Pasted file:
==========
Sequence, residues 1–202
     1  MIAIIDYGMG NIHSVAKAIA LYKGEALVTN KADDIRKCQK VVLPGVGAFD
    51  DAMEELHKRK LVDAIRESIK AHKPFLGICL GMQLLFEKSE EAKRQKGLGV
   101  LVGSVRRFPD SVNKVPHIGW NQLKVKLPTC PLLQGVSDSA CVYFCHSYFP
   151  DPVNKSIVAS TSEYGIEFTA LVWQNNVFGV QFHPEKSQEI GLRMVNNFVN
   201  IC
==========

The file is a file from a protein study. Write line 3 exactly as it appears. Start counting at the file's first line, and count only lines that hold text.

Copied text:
    51  DAMEELHKRK LVDAIRESIK AHKPFLGICL GMQLLFEKSE EAKRQKGLGV